Photos: Belmont Bay Visit

It’s been terribly hot since July 4th.  Washington, DC, has been nearing triple digits and muggy.  Everyone seems to be staying indoors.  But I did get a chance to go out to Mason Neck Park before the worst of the heat set in.  The part has spectacular views of Belmont Bay.  That’s at the mouth of the Occoquan River.

On the day I went, swimmers were in training in the bay, doing laps.  It’s actually not that deep.  Several of the swimmers stood up, and the water came up to their waist.

Swimmers in Belmont Bay
Stroke! Stroke! Stroke!

After I left the swimmers, I took the a path around the park for better views.  The paths are passable for me only in the summer time, and then barely.  There are roots everywhere, waiting to trip up my flat feet.  During autumn, they vanish under all the falling leaves.  Last time I was here, I turned my ankle 20 times — and I was trying to get back.  This time, I wound up with a bone spur.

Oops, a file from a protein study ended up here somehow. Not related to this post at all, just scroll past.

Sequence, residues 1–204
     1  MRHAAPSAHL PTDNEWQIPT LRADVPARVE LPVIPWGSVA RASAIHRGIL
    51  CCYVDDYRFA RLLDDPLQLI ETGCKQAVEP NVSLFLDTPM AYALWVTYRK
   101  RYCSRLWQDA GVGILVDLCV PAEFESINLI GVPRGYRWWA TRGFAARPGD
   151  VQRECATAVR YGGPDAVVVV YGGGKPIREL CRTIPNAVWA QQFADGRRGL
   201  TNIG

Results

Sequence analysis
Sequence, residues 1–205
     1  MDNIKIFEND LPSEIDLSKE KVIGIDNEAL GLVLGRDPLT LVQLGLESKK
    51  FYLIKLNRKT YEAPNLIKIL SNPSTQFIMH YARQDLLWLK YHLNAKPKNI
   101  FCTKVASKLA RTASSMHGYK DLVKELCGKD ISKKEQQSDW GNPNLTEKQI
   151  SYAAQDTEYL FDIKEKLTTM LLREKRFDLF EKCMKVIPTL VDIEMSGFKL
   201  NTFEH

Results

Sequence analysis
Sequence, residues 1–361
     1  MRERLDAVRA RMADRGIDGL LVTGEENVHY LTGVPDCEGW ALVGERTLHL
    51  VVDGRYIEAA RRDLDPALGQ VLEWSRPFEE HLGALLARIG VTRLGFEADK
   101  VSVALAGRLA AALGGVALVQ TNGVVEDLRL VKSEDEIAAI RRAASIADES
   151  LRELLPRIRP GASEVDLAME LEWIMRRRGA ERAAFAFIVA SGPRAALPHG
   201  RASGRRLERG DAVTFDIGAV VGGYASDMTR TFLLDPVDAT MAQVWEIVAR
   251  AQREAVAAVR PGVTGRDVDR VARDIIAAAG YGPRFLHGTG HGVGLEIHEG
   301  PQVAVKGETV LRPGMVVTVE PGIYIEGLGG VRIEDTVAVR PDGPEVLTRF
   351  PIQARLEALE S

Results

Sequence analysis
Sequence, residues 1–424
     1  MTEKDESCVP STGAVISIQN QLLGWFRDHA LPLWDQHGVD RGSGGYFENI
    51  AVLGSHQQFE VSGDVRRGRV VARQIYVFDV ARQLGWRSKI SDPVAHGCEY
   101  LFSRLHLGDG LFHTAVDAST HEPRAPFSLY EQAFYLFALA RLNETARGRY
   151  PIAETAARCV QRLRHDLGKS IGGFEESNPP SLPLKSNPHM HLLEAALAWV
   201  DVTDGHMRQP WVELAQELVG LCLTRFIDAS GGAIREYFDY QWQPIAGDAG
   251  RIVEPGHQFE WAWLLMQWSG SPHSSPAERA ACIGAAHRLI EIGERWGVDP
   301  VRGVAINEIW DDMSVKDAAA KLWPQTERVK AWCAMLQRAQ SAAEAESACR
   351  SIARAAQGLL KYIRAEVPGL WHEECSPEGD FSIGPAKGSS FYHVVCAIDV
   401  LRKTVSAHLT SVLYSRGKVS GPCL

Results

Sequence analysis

The ground is covered with roots

Then I got to a nice flat wooden bridge.  This whole area is very marshy.  You can stand here on the bridge and listen to a bullfrog’s mating call and a strange sound that was like rocks being rubbed together.  Curiously, I heard all these sounds but all I saw were dragonflies.

Plank bridge crosses marshy area
The bridge was covered with dragonflies.

I was fortunate to come at low tide so I could actually walk on this spiffy beach.

Driftwood washed ashore on the bay's beach.
Low tide on the bay.

The best part were all the river shells.  It looked like kids had been building several collections.  There were primarily these snail shells — quite large — and clams.  I could walk up to the waves slurping in and see some of the snail shells floating in on the tide.

A collection of seashells behind a log.
She finds seashells by the river shore

More photos:

Virginia Beach – A real ocean beach

Inspiration in Color in Washington, DC

Shh!  I Saw a Wrabbit!